Daily Archives: January 2, 2019

2019 Maine Birds Predictions Blog

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Great friggin’ Black Hawk. In Maine. Nope, not on my predictions list. And not in a city. And not eating squirrels. And not in the snow…

Yup, it’s that time of year again. Hey, remember when we couldn’t wait for 2017 to end? And then 2018 happened? Yeah, well…come on 2019 – we need you! But 2018 did feature some incredible birding in Maine, with some “Mega” rarities that at least provided temporary distraction from everything else.

And as 2018 comes to a close, it’s once again time for my annual Predictions Blog, where I view into my crystal binoculars and attempt to forecast some of the “new” birds to grace the State of Maine, and my own personal state list, in the coming year.

But first, let us check in with my 2018 Predictions post, and see how I did.

For the second year in a row, an impressive five birds were new to Maine in 2018. The first new bird of the year was a Violet-green Swallow in Bar Harbor on April 14th. I had that on my long Honorable Mention list, but I did not have it ranked in the top 25.

But I did have Roseate Spoonbill at #4, and one arrived in a farm pond Sebec on August 27th (NOT where I would have predicted the first record to be!). I, and many others, were lucky enough to see this bird during its stay of several weeks.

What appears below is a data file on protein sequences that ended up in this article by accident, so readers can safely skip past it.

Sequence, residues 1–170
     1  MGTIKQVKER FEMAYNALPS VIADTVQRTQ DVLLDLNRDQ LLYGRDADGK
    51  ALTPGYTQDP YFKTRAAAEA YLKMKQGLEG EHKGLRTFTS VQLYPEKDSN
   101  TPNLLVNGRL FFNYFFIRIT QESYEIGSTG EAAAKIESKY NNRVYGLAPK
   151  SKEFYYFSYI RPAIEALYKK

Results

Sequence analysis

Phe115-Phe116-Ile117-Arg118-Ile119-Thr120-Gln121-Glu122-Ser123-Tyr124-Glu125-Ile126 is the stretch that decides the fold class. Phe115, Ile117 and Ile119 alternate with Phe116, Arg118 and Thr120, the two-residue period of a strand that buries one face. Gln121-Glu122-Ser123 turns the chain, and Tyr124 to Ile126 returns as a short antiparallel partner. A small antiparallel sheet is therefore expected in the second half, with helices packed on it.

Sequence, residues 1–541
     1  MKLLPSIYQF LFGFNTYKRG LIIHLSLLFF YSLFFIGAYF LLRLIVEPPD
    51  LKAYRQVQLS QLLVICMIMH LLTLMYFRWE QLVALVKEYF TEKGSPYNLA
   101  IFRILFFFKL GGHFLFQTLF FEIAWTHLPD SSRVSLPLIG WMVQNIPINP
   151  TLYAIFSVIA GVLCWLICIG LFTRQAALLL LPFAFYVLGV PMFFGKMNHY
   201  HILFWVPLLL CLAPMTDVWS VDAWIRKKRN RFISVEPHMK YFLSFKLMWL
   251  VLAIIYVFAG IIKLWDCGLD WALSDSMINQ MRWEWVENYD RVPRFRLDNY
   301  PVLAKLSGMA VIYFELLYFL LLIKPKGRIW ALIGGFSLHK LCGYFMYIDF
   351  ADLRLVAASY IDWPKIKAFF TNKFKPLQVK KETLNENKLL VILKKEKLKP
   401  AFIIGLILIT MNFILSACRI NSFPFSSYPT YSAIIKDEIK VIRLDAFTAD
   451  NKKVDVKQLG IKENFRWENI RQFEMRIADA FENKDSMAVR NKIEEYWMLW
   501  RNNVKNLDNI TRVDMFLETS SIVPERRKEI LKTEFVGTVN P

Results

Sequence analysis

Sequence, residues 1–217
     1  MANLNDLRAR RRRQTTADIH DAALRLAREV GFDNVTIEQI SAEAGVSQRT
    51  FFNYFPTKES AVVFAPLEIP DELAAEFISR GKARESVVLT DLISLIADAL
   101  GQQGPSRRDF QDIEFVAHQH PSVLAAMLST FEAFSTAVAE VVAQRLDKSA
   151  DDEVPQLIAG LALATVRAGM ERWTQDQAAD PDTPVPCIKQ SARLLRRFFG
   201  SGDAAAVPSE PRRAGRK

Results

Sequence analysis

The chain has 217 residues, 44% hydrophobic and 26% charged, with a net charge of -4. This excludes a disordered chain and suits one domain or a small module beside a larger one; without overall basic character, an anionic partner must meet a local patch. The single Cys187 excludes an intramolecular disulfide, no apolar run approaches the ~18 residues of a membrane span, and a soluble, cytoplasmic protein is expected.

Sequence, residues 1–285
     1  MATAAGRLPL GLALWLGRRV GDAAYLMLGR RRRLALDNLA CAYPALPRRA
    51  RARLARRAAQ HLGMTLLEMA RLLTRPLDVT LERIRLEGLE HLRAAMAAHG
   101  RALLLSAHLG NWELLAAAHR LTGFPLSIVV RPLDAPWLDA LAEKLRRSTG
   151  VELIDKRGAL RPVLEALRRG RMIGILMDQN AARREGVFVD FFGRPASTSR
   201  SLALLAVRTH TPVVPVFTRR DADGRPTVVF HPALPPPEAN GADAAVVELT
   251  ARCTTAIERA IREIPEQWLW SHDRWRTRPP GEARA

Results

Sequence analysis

A Western Wood-pewee in June in Jonesport on June 12th provided the state’s first confirmed record, but it wasn’t chaseable. This was #17 on my Predictions List, but it would have been much higher if it was easier to identify, and especially confirm!

Monhegan got on the scoreboard once again when it hosted the state’s first Gray Flycatcher on October 4th – #20 on my list. I feel western Empids are under-detected in Maine, so this was probably more overdue than unexpected.

And the fifth, and certainly not least, was the incredible and mind-blowing Great Black Hawk that first showed up in Biddeford on August 6th and remained for a few exciting days. After a tantalizing sighting on October 30th on Portland’s Eastern Promenade, the bird has called Deering Oaks Park – and nearby neighborhoods – home since November 29th! Thousands of birders from across the continent have been treated to this insane occurrence. Not only is it a first for Maine, but it has been conclusively identified as the SAME BIRD that provided North America’s (US and Canada in birder-speak) first record on South Padre Island in Texas in April of this year. And no, I have no explanation for this…or how it’s still alive.